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The same supercomputer that was tops in November is again leading the supercomputer fray, according to the Top500 list.
Two supercomputing centers of excellence revolve around making sure applications can take advantage of compute horsepower and gathering feedback from developers, engineers and scientists.
A fun new visualization compares old tech with new and finds that computing power has increased a trillionfold since 1956.
Interlinking dozens of the cheap, small electronic brains won't break any computing speed records. But it could help teach people how to program tomorrow's computer systems.
Hardware, software and funding limits mean it's not easy to make the fastest computers even faster. That's too bad for the industries that rely on them.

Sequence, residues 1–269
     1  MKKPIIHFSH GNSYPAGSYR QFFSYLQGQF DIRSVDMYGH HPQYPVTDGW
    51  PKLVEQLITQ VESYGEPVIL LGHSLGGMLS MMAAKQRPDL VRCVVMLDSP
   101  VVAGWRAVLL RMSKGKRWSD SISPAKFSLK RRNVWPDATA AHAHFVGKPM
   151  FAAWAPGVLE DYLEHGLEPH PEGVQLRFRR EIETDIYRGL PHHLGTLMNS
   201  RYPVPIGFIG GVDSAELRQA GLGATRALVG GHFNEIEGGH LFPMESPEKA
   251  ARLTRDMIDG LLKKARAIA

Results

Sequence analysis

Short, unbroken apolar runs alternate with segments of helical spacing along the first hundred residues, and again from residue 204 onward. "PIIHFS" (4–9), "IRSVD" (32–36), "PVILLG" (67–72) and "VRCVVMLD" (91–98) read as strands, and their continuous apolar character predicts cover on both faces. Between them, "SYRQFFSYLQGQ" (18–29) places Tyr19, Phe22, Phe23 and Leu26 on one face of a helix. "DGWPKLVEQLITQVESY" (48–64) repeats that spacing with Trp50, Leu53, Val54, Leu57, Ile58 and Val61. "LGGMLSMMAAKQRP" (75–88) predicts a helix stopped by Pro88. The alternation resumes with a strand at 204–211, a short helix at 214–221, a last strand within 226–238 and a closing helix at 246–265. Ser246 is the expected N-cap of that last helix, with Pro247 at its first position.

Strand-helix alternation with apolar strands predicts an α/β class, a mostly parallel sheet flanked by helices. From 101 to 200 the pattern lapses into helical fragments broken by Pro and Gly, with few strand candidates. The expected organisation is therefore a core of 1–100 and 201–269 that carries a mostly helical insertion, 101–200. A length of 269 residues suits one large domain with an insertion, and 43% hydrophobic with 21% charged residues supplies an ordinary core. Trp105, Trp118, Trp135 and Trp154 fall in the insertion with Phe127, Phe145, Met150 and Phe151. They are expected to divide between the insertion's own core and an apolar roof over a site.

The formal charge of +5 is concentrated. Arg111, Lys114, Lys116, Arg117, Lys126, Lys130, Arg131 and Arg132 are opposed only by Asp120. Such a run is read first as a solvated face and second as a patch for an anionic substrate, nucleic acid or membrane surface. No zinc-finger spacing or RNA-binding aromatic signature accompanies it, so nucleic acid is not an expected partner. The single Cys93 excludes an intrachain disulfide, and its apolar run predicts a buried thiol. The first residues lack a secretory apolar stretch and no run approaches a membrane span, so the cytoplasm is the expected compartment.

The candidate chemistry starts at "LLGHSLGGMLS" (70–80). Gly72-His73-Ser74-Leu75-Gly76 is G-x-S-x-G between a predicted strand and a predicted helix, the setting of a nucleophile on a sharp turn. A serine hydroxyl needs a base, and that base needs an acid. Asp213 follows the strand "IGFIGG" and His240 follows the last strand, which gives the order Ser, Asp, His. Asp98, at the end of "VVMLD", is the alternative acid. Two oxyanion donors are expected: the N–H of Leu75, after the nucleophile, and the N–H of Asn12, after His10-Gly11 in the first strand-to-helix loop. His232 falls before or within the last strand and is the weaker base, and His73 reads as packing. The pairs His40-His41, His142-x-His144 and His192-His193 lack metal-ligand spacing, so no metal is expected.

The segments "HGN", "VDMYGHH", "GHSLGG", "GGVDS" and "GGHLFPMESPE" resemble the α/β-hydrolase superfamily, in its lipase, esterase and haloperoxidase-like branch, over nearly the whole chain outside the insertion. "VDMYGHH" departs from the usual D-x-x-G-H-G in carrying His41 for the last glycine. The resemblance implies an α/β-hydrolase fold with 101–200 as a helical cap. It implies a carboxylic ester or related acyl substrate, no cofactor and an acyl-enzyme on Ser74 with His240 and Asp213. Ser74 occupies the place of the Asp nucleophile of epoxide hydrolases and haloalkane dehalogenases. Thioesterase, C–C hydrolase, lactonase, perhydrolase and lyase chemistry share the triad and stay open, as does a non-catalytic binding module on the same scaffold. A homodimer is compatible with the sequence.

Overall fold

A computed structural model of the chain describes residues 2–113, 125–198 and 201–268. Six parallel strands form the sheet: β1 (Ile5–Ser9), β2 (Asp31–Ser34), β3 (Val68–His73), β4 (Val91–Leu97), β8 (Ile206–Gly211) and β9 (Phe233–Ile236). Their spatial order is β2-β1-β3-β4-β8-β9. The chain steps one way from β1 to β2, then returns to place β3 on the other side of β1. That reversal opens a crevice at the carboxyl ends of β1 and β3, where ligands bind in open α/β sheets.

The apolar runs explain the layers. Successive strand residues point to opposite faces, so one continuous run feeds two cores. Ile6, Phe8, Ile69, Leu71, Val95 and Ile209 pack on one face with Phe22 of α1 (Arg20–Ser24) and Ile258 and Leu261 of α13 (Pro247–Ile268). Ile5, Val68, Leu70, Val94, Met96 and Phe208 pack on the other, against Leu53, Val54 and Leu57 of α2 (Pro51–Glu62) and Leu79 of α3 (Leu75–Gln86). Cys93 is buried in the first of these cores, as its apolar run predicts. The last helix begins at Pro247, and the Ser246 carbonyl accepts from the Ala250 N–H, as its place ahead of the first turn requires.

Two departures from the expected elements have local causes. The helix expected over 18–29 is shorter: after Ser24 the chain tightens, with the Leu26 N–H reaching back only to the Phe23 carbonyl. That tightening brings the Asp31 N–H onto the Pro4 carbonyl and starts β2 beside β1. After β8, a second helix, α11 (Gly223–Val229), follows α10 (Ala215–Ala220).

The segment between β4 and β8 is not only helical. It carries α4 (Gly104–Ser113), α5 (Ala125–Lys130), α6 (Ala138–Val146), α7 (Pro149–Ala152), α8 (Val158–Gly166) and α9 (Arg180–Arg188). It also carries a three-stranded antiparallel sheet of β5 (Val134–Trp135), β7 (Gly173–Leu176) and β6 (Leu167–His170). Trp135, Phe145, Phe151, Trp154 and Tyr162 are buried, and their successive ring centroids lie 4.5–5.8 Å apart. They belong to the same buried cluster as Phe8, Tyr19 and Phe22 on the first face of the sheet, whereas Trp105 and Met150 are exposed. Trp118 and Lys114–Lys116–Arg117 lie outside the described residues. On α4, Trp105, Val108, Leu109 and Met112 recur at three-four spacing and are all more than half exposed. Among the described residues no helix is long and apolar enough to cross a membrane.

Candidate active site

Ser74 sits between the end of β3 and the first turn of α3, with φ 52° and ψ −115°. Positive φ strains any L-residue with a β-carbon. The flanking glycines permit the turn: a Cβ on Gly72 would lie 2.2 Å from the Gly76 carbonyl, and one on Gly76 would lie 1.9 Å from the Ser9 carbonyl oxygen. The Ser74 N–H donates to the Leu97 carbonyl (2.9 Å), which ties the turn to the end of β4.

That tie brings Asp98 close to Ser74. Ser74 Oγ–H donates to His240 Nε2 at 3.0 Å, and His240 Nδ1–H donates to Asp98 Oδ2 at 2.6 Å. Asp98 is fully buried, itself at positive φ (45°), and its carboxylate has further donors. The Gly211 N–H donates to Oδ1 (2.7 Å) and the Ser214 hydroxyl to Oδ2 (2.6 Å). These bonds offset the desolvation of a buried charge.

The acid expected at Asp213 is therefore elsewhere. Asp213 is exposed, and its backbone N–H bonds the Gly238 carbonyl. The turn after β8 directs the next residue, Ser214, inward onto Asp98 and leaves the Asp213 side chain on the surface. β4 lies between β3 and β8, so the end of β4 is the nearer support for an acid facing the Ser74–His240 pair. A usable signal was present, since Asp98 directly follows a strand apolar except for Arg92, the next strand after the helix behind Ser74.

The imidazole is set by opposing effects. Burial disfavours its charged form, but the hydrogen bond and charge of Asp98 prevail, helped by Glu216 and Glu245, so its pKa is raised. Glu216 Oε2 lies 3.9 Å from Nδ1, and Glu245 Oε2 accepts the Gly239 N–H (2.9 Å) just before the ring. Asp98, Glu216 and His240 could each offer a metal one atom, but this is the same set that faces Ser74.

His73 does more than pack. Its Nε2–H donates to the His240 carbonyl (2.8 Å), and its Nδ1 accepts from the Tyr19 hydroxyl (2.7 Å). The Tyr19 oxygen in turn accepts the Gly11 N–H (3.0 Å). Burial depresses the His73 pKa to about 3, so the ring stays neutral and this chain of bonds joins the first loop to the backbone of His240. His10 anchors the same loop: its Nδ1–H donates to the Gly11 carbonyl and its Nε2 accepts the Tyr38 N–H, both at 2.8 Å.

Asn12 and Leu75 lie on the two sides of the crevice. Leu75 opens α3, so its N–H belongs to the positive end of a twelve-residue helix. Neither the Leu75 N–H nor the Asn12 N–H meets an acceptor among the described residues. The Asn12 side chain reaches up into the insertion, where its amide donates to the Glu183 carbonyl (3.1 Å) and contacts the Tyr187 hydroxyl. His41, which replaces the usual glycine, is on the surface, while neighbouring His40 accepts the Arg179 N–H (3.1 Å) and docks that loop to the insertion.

The pace of performance increases has slowed among the world's fastest supercomputers, while China now has nearly as many as the UK, France, and Germany combined.
Tianhe-2, with 3.1 million processor cores and a lot of Chinese-build technology, is the new leader of the twice-yearly list of the world's 500 fastest supercomputers.
The latest list of most-powerful computers is a bit of same old, same old. But soon, it won't be so easy to get ahead on the Top500 list by plugging in special-purpose accelerator cards.
Harnessing more than 82,000 processors on the world's fourth-ranked supercomputer, scientists run an experiment that represents 1 percent of human brain activity.
The company's graphics chips are finding a foothold in neural networks, a biology-inspired form of computing that is moving from research to commercial tasks like Google's photo recognition.